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Technology’s role increasing in Utah teacher misconduct
Education » Utah officials debate how to deal with misconduct, especially the rise in sexual crimes linked to technology, social media.
First Published Dec 01 2013 01:01 am • Last Updated Feb 14 2014 11:43 pm

The case of Utah educator Charles Edward Weber is nightmarish.

When the former principal of Soldier Hollow Charter School pleaded guilty in April to two felony charges involving sexual abuse of a 15-year-old student, he had amassed what one prosecutor called "a vast array of prior perpetrations" during a 40-year teaching career.

At a glance

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Weber, 66, used his position of authority to find and groom victims, targeting boys in need of help or special services and demanding sexual favors in return, authorities said. Now serving 10 years in prison, the educator faced a fresh round of charges in July as more alleged victims came forward.

Few cases are as egregious. But sexual misconduct by Utah teachers continues to make headlines even after years of policy debates, legislative crackdowns and demands for action, training and new ways to attack the problem.

Sexual activity involving students now accounts for about 22 percent of pending teacher licensing investigations, leading all other types of misbehavior, with financial improprieties a close second. Officials note, though, that sex cases tend to remain open longer while police and school authorities investigate the details.

The latest data show the state hit a 10-year high in 2012 for internal state Office of Education investigations of licensing complaints of all types against teachers. The 67 cases last year ranged from sexual transgressions to fiscal mismanagement, inappropriate computer use including accessing porn, violent behavior and use of drugs or alcohol.

While Weber’s case did not directly involve technology, a Salt Lake Tribune analysis shows tools such as cellphones, texting and social media are increasingly a factor in teacher misconduct cases. Experts say digital exchanges allow problem teachers to breach appropriate boundaries with students outside of parental view.

As a new generation grows up online, clear rules are becoming more difficult to nail down. The trend is forcing hard questions on how to retain the value of devices such as smartphones as teaching tools while preventing their misuse.

"We’re all running to create guidelines to keep up with this rapidly moving field," said Leslie Castle, a Utah Board of Education member pressing for tougher punishment of errant educators.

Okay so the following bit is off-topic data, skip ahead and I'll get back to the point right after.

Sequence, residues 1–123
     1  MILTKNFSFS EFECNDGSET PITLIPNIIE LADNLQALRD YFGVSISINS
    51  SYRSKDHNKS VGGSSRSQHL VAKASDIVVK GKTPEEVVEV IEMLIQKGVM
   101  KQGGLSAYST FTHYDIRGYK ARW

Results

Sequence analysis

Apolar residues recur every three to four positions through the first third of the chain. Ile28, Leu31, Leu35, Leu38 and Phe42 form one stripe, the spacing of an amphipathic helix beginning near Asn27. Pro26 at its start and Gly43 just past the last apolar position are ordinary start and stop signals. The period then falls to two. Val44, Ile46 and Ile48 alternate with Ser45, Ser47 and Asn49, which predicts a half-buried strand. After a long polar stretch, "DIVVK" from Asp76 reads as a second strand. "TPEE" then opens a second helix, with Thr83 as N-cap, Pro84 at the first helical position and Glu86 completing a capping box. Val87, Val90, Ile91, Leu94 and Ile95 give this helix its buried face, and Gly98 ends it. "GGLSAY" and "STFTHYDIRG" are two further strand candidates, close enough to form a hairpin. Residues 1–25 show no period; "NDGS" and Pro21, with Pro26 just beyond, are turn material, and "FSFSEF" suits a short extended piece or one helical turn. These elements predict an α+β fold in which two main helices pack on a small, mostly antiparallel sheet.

Teachers who officially run afoul of professional standards for a range of bad behaviors represent a tiny slice — approximately two-tenths of 1 percent — of roughly 31,600 licensed educators in Utah schools.


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Yet even a single instance of sexual violation by an authority figure can alter a child’s life irrevocably.

"The fundamental betrayal of trust ... can cause significant emotional harm to a victim, even if the abuse only occurred one time," said Chris Anderson, executive director of MaleSurvivor, a group focused on preventing and healing sexual victimization of boys and men.

"Sadly," Anderson said, "it can often take decades for us to know the true scale of the harm done to a survivor."

Targeting misbehavior » State law automatically and permanently revokes licenses for teachers convicted of criminal sexual activity with a minor.

Utah’s approach is more nuanced for teachers accused of off-color remarks, inappropriate touching, after-hours relationships and questionable crossing of other boundaries. Those cases usually lead to licensing suspensions for several years, with strict requirements such as counseling before authorities hold a hearing to decide whether a teacher can re-enter the classroom.

Several legislative audits and major state reports — including one issued three years ago — have targeted public school teacher misbehavior, focusing on high-profile cases of sexual activity with students. Today, educator misconduct is driving one of the sharpest debates in recent years among the state’s 21-member school board.

"There is not a single board member who isn’t concerned about protecting children," said Debra Roberts, the board’s chairwoman. "But you also have to honor the law and due process, and honoring both of those things is where we’re trying to get."

‘Already been intimacies’ » Computer use and exchanges via email, texting and social media sites such as Facebook and Twitter are an element in two of every five teacher misconduct cases with a sexual component these days, according to The Tribune analysis of nearly 400 state licensing actions back to 1993. That’s up from under a third of such cases six years ago.

Investigators confirm that texting or email is now almost always involved early on in situations that lead to sexual contact between teachers and students.

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